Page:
Open a URL in the Default Browser from the Command Line

Jul 18, 2011 - 2 Comments

terminal Using the command line open tool, you can immediately launch any URL from the Terminal into the default web browser of Mac OS X. In other words, you’re launching the specified site into a GUI browser from the command line.

The syntax to open any URL into the default web browser like this is remarkably easy to use and remember:


You can try this with any URL, even complex URL strings, although long query strings are best when placed into quotations.

You can also use https and even specify port numbers:


Be sure to include http:// or https:// or it will look for a local file instead, while also offering a suggestion that you made an error: “Perhaps you meant ‘’?”

Remember that you can change the Mac default web browser at any time by using Safari Preferences – yes, you use Safari to change the OS X browser even if you have no intention on using Safari and want to set something like Chrome or Firefox as the default. That may be different down the road, but for now that’s the way it’s done in all versions of OS X.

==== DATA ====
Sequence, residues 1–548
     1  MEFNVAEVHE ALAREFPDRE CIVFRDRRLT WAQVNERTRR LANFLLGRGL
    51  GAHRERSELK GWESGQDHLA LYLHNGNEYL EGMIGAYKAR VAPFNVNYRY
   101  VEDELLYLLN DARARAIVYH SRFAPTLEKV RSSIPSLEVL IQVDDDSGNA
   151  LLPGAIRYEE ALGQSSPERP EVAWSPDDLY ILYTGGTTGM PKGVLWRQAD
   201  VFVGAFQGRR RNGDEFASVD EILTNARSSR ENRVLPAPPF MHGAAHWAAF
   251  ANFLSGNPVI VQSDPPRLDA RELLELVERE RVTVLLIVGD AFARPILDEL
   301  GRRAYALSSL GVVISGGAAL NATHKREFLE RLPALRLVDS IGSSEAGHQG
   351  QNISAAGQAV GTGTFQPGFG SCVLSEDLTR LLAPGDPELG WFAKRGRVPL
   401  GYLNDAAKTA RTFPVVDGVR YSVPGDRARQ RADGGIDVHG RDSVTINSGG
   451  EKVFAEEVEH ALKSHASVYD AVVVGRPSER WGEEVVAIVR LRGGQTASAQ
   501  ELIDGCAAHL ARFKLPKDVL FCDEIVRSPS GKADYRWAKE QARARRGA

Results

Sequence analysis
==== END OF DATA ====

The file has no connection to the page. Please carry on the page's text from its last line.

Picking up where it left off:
The open utility comes from Mac OS X’s ancestral NextStep roots and offers the ability to launch files and GUI apps from the command line. We’ve used the open trick on numerous occasions with a variety of tips, whether just opening a GUI app, to launch multiple instances of a single app, and even to open the present working directory in Finder from the command line. It’s a powerful tool that has a lot of usage potential.


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Posted by: David Mendez in Command Line, Mac OS, Tips & Tricks


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  1. Rich says:

    Except it doesn’t work…. just says no matches found

  2. Denis says:

    Thank you, this tip was helpful to me!

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